It was not until April 22, 2013 that counsel for Respondents provided the MLS Report to Mr. Nowak for the first time through current counsel for the Philadelphia Union. The Report identifies only one interviewee by name, Paul Rushing, the Philadelphia Union Head Athletic Trainer. The Report mentions that "various Philadelphia Union players" were interviewed, but they were never identified by name.
Because the MLS Investigation Report was clearly central to Mr. Nowak's termination, Mr, Nowak and his Counsel repeatedly requested a copy of the Report, At the time, Respondents were represented by counsel... who refused to provide the report, yet made representations to the undersigned counsel that Mr. Nowak had engaged in "criminal and fraudulent."
Despite this fact, brief settlement discussions took place but when it became clear that no resolution could be made, Mr, Nowak filed a breach of contract suit in the United States District Court for the Eastern District of Pennsylvania.
Throughout the hearing, Mr, Nowak requested that the individuals interviewed by MLS be identified so that Mr. Nowak could cross examine these individuals, Respondents objected to providing this information, asserting that it was confidential information and protected speech under the NLRA [National Labor Relations Act].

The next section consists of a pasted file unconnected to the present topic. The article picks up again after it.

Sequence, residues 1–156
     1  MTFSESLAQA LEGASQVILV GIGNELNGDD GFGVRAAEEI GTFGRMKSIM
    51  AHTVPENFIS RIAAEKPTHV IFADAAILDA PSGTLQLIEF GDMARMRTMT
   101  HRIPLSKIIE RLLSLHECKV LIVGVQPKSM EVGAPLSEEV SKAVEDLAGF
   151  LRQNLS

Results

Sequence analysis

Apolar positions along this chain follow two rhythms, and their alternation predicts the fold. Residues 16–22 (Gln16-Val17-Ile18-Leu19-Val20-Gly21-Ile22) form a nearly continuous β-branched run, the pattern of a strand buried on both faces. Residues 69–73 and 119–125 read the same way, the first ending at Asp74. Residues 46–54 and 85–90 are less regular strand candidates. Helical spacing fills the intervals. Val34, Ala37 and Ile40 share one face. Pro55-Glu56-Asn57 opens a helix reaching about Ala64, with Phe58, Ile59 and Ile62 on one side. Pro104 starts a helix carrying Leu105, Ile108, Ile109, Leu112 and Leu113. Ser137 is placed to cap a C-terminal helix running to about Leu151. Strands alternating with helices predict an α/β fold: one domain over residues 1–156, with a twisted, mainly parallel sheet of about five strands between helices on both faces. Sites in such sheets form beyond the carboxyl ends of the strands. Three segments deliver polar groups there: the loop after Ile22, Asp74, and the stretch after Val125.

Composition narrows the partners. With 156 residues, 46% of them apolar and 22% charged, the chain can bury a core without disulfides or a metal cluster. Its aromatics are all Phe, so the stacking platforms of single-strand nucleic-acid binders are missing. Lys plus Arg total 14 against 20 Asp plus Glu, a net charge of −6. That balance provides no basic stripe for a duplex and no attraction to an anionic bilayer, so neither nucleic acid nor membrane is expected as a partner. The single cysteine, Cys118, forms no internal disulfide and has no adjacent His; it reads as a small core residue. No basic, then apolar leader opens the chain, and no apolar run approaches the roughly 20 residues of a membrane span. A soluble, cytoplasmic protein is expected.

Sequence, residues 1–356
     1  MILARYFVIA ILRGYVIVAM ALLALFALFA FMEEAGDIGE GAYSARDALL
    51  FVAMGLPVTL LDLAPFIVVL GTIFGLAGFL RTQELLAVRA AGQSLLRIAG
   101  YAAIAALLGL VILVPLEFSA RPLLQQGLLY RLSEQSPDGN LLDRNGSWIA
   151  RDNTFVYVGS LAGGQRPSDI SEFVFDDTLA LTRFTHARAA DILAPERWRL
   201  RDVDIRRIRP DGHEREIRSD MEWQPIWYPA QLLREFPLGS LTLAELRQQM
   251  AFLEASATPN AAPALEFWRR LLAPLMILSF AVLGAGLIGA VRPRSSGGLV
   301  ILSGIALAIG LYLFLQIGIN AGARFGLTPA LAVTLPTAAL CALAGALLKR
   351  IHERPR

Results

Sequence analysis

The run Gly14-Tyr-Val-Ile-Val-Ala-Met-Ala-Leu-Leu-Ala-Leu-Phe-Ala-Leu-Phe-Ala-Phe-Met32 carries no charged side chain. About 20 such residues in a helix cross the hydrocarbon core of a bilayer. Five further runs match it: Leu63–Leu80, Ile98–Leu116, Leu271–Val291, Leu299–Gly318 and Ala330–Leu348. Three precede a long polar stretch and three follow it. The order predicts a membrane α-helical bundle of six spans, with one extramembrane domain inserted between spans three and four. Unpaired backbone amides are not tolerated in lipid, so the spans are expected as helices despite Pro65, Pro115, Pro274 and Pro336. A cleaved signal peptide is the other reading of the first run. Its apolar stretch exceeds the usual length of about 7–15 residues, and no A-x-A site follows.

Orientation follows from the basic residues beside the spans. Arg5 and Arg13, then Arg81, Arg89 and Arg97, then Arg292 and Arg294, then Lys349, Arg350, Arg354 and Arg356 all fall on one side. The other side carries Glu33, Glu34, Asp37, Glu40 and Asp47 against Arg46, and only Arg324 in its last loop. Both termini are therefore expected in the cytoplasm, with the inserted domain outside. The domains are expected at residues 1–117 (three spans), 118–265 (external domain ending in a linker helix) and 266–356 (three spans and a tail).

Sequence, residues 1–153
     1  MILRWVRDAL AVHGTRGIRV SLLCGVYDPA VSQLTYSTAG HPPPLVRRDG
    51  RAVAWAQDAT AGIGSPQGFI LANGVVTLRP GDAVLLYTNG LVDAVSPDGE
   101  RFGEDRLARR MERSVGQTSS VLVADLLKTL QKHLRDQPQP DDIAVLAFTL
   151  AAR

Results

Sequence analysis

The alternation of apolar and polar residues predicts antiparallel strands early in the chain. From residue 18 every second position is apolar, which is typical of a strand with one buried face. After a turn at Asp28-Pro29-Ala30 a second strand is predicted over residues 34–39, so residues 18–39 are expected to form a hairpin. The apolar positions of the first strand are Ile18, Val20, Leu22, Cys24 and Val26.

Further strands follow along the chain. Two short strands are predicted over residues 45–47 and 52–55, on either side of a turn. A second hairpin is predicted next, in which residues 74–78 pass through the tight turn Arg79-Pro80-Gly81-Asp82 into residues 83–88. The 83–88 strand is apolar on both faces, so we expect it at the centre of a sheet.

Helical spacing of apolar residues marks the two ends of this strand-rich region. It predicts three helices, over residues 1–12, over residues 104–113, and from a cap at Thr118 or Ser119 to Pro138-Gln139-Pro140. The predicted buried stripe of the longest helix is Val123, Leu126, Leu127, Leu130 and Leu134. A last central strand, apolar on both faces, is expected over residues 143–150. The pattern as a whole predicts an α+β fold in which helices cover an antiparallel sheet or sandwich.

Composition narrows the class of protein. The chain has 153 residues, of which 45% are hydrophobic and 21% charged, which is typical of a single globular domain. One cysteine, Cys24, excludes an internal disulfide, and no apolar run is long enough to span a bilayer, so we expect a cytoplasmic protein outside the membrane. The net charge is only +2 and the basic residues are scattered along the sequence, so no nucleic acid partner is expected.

Not only was Mr. Nowak denied the ability to cross examine those who accused him, but respondents also refused to even identify the number of players who were interviewed, Mr. Nowak was prejudiced by this conduct [and] an adverse inference should be drawn against the Respondents.
The testimony was clear that Mr. Nowak was not even made aware of the MLS investigation into his conduct until the investigation was referenced in an e-mail to him less than two hours prior to his termination. The testimony was also clear that Mr. Nowak was never interviewed by anyone at MLS in connection with the allegations set forth in the MLS Report.
In addition, Mr. Sakiewicz testified that he conducted his own investigation. yet, even he was forced to admit that he did not interview or otherwise inquire with Mr. Nowak regarding the allegations contained in the MLS Report.